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Playing With / Ambiguously Trained

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Basic Trope: A character may or may not have been in some form of military or law enforcement service.

  • Straight: Bob is a competent fighter and displays significant knowledge about military equipment.
  • Exaggerated: On a single occasion, Bob demonstrates remarkable proficiency with his country's service weapon.
  • Downplayed: Bob wears a patriotic tattoo, is in therapy for PTSD from something in his past, handles guns extremely well, and has several friends who were previously in the military, all but stating that he served as well.
  • Justified:
    • In the writer's notes, Bob was in the military, but is quiet about his past and doesn't mention it in the story.
    • A regime recently shut down, leaving Bob and a lot of military, police, and military police types jobless.
  • Inverted:
    • In a group of former soldiers, Bob is slower with his gun than his friends at the shooting range, and has different political views than his friends do, implying that he might not have been in the military at all.
    • Ambiguous Criminal History
  • Subverted:
    • Bob talks about the time he served in the military or shows someone his military ID.
    • Dan, who is openly a veteran, asks Bob if he ever served, but Bob denies it, explaining that he's a military enthusiast.
  • Double Subverted:
    • Someone accuses Bob of being a Phony Veteran or forging the ID.
    • Dan tells Bob that some of his behaviors remind him of what he learned in basic training.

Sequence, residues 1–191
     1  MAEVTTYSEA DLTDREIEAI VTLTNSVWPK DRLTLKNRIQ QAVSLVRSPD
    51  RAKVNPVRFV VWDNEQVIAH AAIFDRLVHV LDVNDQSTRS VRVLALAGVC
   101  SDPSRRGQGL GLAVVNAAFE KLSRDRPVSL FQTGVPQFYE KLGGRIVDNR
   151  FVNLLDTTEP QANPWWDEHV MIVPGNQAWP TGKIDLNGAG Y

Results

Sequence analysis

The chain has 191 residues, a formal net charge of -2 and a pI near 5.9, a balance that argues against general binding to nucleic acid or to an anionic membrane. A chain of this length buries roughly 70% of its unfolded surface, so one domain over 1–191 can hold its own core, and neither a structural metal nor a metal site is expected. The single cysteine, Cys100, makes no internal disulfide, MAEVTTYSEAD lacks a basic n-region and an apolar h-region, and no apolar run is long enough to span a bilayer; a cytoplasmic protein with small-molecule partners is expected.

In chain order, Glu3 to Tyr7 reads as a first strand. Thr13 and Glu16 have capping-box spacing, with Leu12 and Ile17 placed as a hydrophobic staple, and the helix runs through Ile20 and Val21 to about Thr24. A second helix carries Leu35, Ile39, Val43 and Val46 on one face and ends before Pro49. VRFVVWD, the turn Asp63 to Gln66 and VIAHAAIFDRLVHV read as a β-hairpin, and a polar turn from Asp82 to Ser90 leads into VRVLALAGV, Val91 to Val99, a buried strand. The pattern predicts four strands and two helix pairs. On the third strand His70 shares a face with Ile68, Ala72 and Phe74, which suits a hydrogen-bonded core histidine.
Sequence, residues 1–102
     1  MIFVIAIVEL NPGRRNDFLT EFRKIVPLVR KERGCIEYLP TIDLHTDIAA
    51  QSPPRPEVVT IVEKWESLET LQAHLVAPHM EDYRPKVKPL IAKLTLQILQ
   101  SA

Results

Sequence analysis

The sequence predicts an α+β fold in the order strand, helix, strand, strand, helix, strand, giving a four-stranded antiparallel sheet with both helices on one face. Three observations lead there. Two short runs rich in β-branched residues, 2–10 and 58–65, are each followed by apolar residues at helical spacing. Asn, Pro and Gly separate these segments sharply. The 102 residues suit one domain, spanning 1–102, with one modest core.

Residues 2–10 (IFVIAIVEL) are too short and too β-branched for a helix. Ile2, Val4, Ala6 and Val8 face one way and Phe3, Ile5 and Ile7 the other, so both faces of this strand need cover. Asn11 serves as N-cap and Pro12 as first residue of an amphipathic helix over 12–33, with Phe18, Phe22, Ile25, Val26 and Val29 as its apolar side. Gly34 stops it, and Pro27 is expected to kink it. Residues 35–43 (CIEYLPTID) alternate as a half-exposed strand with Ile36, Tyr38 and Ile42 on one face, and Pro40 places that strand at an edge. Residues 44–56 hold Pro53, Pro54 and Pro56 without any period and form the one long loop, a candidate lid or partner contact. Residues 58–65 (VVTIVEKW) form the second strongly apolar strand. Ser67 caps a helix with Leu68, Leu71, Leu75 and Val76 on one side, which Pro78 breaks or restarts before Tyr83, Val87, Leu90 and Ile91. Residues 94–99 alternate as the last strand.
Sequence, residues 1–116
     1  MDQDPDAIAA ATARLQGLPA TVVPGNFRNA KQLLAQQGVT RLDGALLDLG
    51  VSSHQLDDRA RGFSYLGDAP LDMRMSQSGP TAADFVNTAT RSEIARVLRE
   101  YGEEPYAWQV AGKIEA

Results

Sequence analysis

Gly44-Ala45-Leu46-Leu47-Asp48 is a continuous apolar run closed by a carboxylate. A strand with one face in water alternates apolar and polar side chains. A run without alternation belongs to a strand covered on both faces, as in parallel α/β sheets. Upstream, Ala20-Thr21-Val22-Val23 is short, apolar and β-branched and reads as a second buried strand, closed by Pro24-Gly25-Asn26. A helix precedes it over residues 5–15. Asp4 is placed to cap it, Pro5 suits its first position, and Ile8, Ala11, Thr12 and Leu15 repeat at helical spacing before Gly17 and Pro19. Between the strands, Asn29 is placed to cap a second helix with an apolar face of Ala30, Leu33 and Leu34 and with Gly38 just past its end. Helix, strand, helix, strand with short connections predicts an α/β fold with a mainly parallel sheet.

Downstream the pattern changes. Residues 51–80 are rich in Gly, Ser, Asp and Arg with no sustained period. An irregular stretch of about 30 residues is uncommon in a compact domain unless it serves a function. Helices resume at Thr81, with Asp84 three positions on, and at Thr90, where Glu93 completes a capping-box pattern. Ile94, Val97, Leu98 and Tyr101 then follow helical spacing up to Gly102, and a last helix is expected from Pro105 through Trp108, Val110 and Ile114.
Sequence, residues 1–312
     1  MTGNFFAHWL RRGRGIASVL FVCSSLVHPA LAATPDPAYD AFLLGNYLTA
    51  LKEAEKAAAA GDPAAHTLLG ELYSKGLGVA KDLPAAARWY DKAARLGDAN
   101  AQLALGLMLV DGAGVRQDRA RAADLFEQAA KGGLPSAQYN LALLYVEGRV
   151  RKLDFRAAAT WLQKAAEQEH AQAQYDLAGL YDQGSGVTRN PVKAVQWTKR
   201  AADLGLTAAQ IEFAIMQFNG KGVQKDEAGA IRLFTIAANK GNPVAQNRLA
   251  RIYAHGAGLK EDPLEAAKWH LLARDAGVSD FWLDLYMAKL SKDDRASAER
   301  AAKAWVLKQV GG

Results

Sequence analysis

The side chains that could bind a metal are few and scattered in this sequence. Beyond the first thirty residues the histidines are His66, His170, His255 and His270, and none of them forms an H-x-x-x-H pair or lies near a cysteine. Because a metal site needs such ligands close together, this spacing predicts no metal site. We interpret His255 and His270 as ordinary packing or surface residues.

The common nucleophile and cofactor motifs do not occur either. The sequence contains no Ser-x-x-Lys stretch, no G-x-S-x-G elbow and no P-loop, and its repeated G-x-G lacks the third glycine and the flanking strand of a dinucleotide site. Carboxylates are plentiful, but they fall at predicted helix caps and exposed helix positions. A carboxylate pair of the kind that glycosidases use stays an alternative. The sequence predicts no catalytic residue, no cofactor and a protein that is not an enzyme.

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  • Parodied: Despite showing some skills essential to the military, not even Bob can tell if he was ever a soldier or not.
  • Zig Zagged: Bob has an interest in the military, then explains he's an enthusiast. He's shown to know Krav Maga pretty well, but explains he learned it in a civilian self-defense course. When Bob goes to a shooting range, he handles military-style weapons comfortably, but he handles civilian weapons just as well.
  • Averted: From his introduction, Bob is shown to be or explains himself as a war veteran.
  • Enforced: The writer is a military enthusiast, and writes a character with a possible military background as Author Appeal.
  • Lampshaded: "You really think I'm good enough with a gun to be a soldier? That's an honor, thank you."
  • Invoked: Bob's friends go to a shooting range to find out if he knows how to use military-style weapons, knowing that he hasn't gone to one before.
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  • Exploited: Alice hangs around Bob for her own protection, knowing that his combat skill will prove useful in a fight, regardless of if he learned how to fight in the military or not.
  • Defied:
    • Bob actively makes it known that he was in the military, wears camouflage, combat boots, and military paraphernalia as everyday wear, and shows off numerous military-related tattoos.
    • Bob makes a point of telling people that he learned martial arts and weapon use from civilian channels.
  • Discussed: "How do you know how to operate an M16 that well? It's impressive."
  • Conversed: "I get the impression that Bob's interest in the military is more than coincidental."
  • Played For Laughs: Dan makes an inside joke about the military, and Bob laughs in response, but it's never stated if he was just laughing along or if he got the joke.
  • Played For Drama: Bob is in therapy to treat PTSD from some traumatic violence in his past, but it's never told if he was a soldier or police officer at the time of the attack.

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